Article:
photo courtesy of LMS Museum.
Robert and Margaret Lawson (Ladysmith, BC) of Brisen Boatworks donated this HMCS Rainbow Skiff to the Ladysmith Maritime Society (LMS) in 2010. She entered retirement through public auction in 1929, and since then has languished as a lady of leisure – enjoying recreational ownership until 1977.
At that point, Barry Philbrook took her over until passing her onto Robert and Margaret in 1999; having never fulfilled his dream of restoration. As an aside, Barry built our treasured 35’ Ed Monk Sr. cruiser as a custom runabout for Owen Fowler; a means of commuting between Sidney and the Tortoise Islets (off Portland Island). We are told this was Barry’s 3rd boat while still under apprenticeship; built at Philbrook’s & Son Boatyard (Victoria, BC) in 1957.
For the next 11 years, between Robert and John Rodd, much work was accomplished on the Rainbow Skiff; both archival information and actual restoration. She was donated to the LMS in hope that restoration could find completion.
She is still waiting for her final make-over; task list available. Person(s) with skill needed!!
Here’s the story. Enjoy the read.
Last issue we talked about our sponsoring of the UBC Robotic Sailboat team, they are gearing up for what should be an exciting competition.
Visit ubcsailbot.org for more updates on this project.
Photo courtesy of the UBC Sailbot blog.
We were approached to sponsor this unique boating project at UBC with some product. Dave Tiessen, Mechanical Team Lead, gave us some insight and what they want to accomplish.
UBC Sailbot is one of the most successful of UBC Engineering’s student teams. They are three time winners of the International Robotic Sailing Regatta, who are now attempting a greater feat, a challenge called “The MicroTransat”.
“The competition entails sailing an autonomous sailboat across the Atlantic completely unassisted. So far no one has succeeded in this challenge. We plan to be the first.” Says Dave.
The team has made smaller boats (2 metres in length) in the past and were made completely of carbon fibre. This time, however, the team has opted to go a different route.
“We are looking at a larger 5 m design. We are planning to build that in the cold moulded style, hence the need for marine plywood.” He supplied us a photo of the plans, but we’ll keep that hush hush for now!
Dave promises to keep us in the loop with their progress and we will follow the journey with you in our blog and newsletter. We wish them the best of luck with the build!
George Meier aboard SV Tuahine
We milled up some Fir for George earlier this year and he recently sent us these images of the hull plank replacement he did this summer on his boat using that fir! The skill of wooden boat building never ceases to amaze!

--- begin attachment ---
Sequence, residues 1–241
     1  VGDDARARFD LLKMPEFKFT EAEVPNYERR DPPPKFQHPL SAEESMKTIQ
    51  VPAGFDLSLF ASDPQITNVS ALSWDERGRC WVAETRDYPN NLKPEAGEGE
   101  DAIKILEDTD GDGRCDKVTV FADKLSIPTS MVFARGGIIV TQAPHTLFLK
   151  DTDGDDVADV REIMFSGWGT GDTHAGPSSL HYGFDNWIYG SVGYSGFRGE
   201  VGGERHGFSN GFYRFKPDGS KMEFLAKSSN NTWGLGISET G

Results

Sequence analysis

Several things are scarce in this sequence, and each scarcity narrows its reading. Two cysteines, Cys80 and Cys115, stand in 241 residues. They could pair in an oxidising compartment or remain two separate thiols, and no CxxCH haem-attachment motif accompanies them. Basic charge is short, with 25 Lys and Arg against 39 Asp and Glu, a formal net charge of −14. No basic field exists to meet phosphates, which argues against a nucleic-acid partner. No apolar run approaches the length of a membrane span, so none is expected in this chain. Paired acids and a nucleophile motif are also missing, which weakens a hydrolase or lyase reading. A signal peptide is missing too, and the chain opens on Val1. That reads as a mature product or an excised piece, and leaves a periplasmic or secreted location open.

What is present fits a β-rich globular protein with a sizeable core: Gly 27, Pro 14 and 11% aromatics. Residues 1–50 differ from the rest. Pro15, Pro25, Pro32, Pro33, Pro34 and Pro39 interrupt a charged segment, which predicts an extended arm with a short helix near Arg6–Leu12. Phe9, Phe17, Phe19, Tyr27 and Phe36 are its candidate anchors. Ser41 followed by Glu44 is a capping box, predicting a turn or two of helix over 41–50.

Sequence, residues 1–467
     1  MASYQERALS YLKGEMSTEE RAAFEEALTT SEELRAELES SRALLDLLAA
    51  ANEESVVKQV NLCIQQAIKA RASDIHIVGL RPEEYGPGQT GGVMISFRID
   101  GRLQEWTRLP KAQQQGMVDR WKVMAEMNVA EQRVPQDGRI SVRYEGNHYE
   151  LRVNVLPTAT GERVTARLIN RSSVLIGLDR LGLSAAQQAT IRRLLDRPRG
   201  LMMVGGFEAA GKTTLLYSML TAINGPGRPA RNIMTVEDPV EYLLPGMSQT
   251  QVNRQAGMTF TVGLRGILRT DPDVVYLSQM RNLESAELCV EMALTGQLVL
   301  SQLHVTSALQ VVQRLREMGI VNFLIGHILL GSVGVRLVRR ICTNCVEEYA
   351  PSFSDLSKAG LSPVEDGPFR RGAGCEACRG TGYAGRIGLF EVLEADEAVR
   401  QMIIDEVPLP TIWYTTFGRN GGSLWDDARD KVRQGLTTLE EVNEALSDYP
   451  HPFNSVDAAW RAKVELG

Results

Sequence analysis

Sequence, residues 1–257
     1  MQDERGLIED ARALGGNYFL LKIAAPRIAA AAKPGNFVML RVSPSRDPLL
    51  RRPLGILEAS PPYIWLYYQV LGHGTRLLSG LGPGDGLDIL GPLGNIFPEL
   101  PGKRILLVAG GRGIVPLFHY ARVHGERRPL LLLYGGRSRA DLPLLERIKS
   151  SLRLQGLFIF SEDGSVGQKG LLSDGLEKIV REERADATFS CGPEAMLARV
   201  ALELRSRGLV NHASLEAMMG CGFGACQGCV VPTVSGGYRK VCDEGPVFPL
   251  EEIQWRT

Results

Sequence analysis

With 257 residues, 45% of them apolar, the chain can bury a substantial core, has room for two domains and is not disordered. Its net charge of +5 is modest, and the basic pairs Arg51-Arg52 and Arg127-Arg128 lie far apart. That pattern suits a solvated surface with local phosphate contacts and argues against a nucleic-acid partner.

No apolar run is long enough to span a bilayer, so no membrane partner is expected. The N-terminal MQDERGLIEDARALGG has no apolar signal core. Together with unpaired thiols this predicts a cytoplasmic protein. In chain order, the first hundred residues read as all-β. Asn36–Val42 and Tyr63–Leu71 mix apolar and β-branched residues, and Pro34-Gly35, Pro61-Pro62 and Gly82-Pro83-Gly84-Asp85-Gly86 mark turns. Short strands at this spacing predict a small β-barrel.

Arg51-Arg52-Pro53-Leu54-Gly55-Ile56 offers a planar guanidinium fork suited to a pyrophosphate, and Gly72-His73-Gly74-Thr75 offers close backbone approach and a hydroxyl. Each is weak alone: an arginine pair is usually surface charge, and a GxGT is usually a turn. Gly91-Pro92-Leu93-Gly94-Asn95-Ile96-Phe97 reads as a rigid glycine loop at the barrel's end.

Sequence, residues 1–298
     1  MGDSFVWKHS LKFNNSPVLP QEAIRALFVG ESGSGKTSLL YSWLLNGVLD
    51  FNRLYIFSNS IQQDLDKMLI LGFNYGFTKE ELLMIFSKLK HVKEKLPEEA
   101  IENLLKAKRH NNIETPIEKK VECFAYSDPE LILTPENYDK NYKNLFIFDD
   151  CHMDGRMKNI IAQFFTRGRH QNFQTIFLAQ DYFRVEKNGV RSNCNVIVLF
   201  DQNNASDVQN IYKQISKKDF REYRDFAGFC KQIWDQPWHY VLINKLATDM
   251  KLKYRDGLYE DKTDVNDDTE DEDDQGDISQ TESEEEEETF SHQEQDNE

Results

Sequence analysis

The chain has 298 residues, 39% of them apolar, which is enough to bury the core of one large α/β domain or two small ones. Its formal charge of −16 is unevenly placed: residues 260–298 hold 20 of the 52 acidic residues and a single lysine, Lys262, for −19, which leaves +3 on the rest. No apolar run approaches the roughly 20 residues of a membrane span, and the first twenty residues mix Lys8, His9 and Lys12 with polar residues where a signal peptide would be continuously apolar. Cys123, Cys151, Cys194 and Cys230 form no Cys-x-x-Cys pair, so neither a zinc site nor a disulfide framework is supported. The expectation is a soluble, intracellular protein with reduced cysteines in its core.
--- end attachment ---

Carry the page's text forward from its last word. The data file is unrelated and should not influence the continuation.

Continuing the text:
3rd Douglas Sea Scouts Boating Building Projects
We donated about $500 worth of marine plywood to this local Sea Scout project. Instructor, Laurie Armstrong, kept us in the loop with the progress:
“14 Sea Scouts arrived and after a safety demonstration by Ross (tapping his glass eye with a screw driver and cutting a wrist sized soupbone on the bandsaw) the boys laid out patterns and cut all the pieces for four boats- bottom, 2 sides and 2 transoms. The hard part was keeping parents and leaders backed off so the kids could do the work. Each crew signed the bottom of what will be their boat, and so feel a sense of ownership as well as accomplishment. The adults were amazed at the dedication and focus, apparently expecting much less. Stocks are built so on Jan 4th we will continue and stitch and glue the boats together. That should give them a real boost to see the parts they cut be transformed into boats. Then it’s just gype and sand and sand and sand …… Then thwarts, knees and trim. all a success so far.”
Jan & Shelley’s 1957 Ed Monk custom power cruiser built by Philbrook’s Boat Yard; at that time located in Victoria. Living her first 55 years of life as a sleek 32’ in length; she now offers 35’ of zoom, zoom, zoom.
With Shelley’s approval, “Dulwen” got a makeover – cold moulding 2 layers of Edge Grain Red Cedar 1/4″ veneer x 6″ with epoxy glue to the bottom side and up to the top of the boot line! Back in the water, she floated 2″ higher, gained almost 2 knots at the same RPM and generated a 20% fuel saving by lengthening the hull. And when under way, no longer needed the assist of the swim tabs to balance the hull.
Check out the photos to see a visual of how it was done. If anyone is thinking about doing this to their boat, I would be happy to answer any questions.
This summer, Jan and I have spent a number of days boating our local waters on Dulwen. We became reacquainted with Pender and Saturna Islands. Pender offered a couple of interesting venues for the boaters and woodworkers alike.
Firstly there was the first ever Hope Bay Boat Fest in June. This event was a great opportunity for wooden boat aficionados. Stay tuned for 2014, it will only be better and West Wind hopes to be involved.
Secondly, the Fall Fair in August offered a slice of old country style farm fun. Congratulations to customers, David MacKenzie and Sergei Petrov for their winning entries in the Wood Working Division.